Virginia is the 15th state – and the only one in the South – to adopt these tailpipe emissions standards, which are stricter than what’s set by the federal government. 

The stricter standards were created by California because it’s the only state allowed to do so under the Clean Air Act. 

That means if other states want standards stricter than the federal ones, they have to adopt California’s.

“One of the big misinformations that's been spread with the repeal bills is this notion that Virginia should set its own standards,” Pollard said. “Well, we can't.”

And because manufacturers are racing to deliver EVs to states that have adopted the standards, it’s harder for consumers to buy them in states that have not, Pollard said.

“The states that are ‘clean car’ states that have adopted these standards were and are getting these cars first,” he said. “So a lot of people in Virginia have had to go to Maryland, for example, to get their EVs.”

EVs are still pricier up front, but cheaper in the long run.

Electric cars are currently more expensive than gas-powered ones, though the gap has started to close. 

The average transaction price for EVs as of last summer was $53,469, versus $48,334 for traditional cars, according to Kelley Blue Book.

Over time, EV owners save money because they don’t need to buy gas and require less maintenance, Pollard said.

New federal tax incentives through the Inflation Reduction Act can also sweeten the deal. Individuals and businesses can currently get a tax credit of up to $7,500 for buying an electric car that meets certain standards.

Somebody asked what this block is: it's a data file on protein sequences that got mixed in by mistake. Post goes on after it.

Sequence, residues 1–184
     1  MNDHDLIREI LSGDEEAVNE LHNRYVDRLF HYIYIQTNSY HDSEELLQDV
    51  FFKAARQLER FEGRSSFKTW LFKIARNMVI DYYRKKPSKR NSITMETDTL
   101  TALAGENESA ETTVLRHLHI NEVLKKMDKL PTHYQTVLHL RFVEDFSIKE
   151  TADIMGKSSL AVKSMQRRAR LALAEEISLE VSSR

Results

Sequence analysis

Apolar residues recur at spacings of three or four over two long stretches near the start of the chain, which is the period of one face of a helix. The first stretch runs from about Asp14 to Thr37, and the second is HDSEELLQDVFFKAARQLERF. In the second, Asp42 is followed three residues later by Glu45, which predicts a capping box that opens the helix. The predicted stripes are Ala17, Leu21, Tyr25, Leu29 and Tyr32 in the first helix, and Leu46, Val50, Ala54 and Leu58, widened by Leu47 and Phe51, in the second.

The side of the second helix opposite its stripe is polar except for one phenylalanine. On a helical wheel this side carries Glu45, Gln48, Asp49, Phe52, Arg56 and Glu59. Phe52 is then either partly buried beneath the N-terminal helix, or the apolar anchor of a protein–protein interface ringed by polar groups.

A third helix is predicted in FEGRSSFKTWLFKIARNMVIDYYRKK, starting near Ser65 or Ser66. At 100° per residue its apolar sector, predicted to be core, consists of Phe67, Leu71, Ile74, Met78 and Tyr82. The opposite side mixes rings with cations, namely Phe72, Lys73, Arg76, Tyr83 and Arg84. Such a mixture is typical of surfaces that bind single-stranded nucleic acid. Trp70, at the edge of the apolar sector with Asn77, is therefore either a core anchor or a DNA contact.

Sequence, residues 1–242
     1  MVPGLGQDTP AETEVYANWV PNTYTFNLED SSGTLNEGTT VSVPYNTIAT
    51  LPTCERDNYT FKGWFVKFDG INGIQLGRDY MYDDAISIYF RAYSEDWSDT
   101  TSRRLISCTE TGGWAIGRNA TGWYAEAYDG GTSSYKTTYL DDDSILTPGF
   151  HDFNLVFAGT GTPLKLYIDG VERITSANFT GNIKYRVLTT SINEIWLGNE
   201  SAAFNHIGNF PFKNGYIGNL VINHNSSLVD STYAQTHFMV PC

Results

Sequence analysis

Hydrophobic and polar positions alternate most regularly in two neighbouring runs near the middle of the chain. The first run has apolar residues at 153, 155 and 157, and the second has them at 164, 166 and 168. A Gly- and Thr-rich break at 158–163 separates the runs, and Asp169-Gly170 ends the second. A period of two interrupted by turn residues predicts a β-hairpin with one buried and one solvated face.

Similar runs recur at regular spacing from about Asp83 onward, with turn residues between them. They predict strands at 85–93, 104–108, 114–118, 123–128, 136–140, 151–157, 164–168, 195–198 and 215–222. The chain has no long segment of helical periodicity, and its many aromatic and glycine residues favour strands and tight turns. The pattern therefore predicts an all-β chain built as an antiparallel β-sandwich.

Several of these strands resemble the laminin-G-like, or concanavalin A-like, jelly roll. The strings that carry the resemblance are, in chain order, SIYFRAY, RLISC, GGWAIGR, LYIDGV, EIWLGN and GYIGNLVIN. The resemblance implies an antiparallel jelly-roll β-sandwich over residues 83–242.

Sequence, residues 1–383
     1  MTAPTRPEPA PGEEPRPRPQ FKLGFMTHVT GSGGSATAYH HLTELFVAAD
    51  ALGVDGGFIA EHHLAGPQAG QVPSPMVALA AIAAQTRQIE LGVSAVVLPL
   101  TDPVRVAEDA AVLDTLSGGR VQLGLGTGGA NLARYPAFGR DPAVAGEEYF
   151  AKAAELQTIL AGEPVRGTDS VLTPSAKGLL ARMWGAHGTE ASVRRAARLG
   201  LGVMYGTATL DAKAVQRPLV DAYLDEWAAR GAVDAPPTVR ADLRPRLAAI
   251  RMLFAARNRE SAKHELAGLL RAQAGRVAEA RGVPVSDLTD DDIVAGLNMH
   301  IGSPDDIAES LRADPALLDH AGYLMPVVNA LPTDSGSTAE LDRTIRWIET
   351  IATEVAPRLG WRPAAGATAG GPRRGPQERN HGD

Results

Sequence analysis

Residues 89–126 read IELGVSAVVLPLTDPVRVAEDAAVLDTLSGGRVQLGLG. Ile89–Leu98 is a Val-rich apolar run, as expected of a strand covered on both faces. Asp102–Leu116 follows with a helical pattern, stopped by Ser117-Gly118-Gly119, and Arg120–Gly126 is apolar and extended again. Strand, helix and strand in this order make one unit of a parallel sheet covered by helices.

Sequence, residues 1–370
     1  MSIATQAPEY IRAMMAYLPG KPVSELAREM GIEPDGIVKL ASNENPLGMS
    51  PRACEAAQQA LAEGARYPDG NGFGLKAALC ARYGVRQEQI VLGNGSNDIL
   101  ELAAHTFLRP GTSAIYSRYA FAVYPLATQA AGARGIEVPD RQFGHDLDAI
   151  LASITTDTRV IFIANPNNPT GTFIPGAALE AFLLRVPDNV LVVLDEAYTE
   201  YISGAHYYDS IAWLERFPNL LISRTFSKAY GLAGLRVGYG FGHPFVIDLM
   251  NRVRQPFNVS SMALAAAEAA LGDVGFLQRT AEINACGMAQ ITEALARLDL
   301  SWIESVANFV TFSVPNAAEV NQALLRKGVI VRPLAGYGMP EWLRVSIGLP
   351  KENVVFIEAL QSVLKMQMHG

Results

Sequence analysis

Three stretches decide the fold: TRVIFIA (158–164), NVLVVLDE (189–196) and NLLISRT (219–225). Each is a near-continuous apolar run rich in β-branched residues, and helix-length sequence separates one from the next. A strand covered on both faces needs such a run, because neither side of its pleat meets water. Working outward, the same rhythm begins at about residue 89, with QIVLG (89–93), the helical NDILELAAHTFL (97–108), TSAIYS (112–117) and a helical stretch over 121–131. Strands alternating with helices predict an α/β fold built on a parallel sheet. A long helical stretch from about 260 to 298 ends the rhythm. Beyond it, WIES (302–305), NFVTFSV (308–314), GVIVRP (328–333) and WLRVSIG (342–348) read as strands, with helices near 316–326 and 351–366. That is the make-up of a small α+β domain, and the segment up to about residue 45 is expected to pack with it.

More infrastructure is needed.

The transition to electrify many U.S. sectors, including transportation, will require changes to support it.

Like elsewhere, Virginia needs to increase its network of public vehicle charging stations – currently at about 1,400 statewide – and transmission lines that transport electricity. 

“With or without Clean Cars, we are moving to more electrification and we need to address charging infrastructure,” Pollard said.

Some of that’s already in motion. The state’s using $14 million from the Volkswagen emission cheating settlement on expanding charging infrastructure, in addition to money from the Bipartisan Infrastructure Law. 

The SELC projects that the new standards pushing for more EVs will only add about 4% more electricity demand by 2040 compared to the increase that would otherwise occur from the natural growth of EVs. 

Virginia needs to address other rising stresses on electricity demand, such as energy-intensive data centers, Pollard said.

The Department of Environmental Quality, which manages Virginia’s clean car standards, did not respond to WHRO’s request for comment by deadline. 

Katherine is WHRO’s climate and environment reporter. She came to WHRO from the Virginian-Pilot in 2022. Katherine is a California native who now lives in Norfolk and welcomes book recommendations, fun science facts and of course interesting environmental news.